A liberal arts education not only opens doors for employment, it’s also a good predictor of future success.

The Association of American Colleges and Universities and the National Center for Higher Education Management Systems showed in a recent study that graduates with a liberal arts education (humanities or social sciences) earn more at their peak-earning ages compared to others who hold a professional or pre-professional degree.

6. Even with a liberal arts education, you aren't limited to non-STEM fields.

Even if you decide to pursue an undergraduate degree that's based in the liberal arts, this doesn't mean that you can never change your career direction and pursue a more STEM-related field.

For instance, that are several graduate degrees that don't require you to have a related bachelor's: cybersecurity, information technology, health care management, business administration, human resource management, data analytics, mathematics, physical therapy, nursing, and so many others!

More specifically, many undergraduate students who pursue a sociology degree are actually choosing to enter the medical field

7. With a liberal arts degree, you can lead when others follow.

If you want to be a leader, you should consider a major in the liberal arts. Hillary Clinton, Mitt Romney, Sheryl Sandberg are just a few of the leaders you’ve probably heard of who hold undergraduate liberal arts degrees. Leaders need to know how to create, collaborate, innovate, and inspire. A liberal arts education prepares you to do just that, forming those critical skills that separate leaders from followers.

8. You’ll get personal fulfillment with a degree you are passionate about.

A background in the liberal arts goes beyond the professional realm. When you study the humanities or social sciences, you develop a passion for learning and carry it with you for the rest of your life.

Former Presidential Candidate and Hewlett-Packard CEO Carly Fiorina majored in the liberal arts. Fiorina told Time Magazine:

“[My medieval history and philosophy degree] … did prepare me for life … I learned how to condense a whole lot of information down to the essence. That thought process has served me whole life … I’m one of these people who believes we should be teaching people music, philosophy, history, art.”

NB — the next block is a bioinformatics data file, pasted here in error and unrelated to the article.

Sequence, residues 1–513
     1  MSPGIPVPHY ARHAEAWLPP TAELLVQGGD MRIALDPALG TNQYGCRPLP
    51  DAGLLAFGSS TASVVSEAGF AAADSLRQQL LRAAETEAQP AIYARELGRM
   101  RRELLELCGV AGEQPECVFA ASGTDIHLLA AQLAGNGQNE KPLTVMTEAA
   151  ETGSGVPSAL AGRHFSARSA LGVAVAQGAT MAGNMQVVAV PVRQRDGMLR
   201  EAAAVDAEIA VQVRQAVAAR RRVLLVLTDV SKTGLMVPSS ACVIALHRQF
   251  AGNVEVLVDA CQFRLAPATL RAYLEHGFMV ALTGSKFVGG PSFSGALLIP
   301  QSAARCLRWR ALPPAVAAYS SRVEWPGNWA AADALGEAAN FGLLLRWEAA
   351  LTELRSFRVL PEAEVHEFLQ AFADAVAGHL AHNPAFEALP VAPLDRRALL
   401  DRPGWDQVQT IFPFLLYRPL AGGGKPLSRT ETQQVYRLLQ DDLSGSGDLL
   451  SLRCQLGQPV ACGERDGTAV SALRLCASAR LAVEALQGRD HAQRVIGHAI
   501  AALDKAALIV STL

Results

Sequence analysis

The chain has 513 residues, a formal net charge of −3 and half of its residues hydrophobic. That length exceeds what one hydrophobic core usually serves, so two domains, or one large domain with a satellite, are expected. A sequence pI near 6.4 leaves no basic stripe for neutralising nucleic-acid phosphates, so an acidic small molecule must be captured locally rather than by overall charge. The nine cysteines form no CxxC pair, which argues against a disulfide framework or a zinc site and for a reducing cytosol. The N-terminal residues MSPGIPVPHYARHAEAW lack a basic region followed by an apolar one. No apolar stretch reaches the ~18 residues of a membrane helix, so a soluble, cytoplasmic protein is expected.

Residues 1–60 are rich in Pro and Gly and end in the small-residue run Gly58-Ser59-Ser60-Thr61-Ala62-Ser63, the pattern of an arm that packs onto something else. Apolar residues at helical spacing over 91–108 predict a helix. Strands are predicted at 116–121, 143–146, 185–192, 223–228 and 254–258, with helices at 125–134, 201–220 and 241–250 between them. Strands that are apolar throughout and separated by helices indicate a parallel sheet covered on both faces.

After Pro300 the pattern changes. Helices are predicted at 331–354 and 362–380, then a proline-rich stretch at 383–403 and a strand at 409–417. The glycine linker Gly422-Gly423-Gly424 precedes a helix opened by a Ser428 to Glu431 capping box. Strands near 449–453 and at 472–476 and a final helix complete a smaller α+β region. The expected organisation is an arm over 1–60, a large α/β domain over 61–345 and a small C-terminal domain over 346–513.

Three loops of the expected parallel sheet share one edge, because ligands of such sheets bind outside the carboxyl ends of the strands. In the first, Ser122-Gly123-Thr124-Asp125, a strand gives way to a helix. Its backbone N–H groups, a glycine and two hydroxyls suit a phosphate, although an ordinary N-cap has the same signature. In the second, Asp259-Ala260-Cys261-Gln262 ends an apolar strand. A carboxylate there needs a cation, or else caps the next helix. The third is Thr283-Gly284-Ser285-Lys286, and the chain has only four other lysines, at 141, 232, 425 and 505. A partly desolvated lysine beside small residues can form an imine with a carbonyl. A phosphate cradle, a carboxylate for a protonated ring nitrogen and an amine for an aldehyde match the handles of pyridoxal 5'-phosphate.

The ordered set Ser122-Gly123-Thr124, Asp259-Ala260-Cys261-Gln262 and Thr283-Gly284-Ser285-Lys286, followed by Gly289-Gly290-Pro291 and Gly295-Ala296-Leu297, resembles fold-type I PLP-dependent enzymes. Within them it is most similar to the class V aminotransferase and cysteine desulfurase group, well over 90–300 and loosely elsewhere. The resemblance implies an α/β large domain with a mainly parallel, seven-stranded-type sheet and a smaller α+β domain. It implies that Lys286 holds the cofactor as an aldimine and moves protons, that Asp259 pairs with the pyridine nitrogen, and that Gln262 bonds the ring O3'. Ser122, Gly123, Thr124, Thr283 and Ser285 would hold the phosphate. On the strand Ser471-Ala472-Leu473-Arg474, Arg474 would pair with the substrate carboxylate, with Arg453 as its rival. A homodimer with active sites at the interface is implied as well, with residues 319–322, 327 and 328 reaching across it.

Are you ready to learn with purpose?

As a college grounded in the liberal arts, Marymount University is proud to promote career preparation and provide opportunities for personal and professional growth. Similarly, at Marymount, there are benefits for transfer students pursuing the liberal arts. MU's liberal arts degree is geared toward transfer students and endeavors to maximize transfer credits. MU's liberal arts degree also gives transfer students the opportunity to choose multiple concentrations instead of majors, which allows students to graduate on time. 

Marymount also prides itself on providing an undergraduate education that is applicable to the workplace. Marymount is dedicated to student-centered learning and to the intellectual, ethical, and spiritual development of each individual. And if you aren't sure yet what field of study you want to pursue, Marymount is happy to be the college where you eventually figure that out!

Marymount's Tip: If you want some more reasons to consider why you should think about pursuing a liberal arts degree, check out our blog post from last year!

Explore our interactive resource — Your Guide to Pursuing a Bachelor's in Sociology — for an in-depth look at the field and at Marymount University's Sociology program!

Explore Sociology Resource

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Posted by Scott Fuller

Scott is a Web Content Manager at Marymount. He enjoys sharing information about Marymount on social Media, editing photos in Photoshop, and seeing students grow academically and professionally while at MU. In his free time, Scott if a self-proclaimed nerd and enjoys reading science journals and non-fiction books, science fiction and fantasy novels, and playing strategy games.

Topics: Undergraduate Majors & Programs, College Resources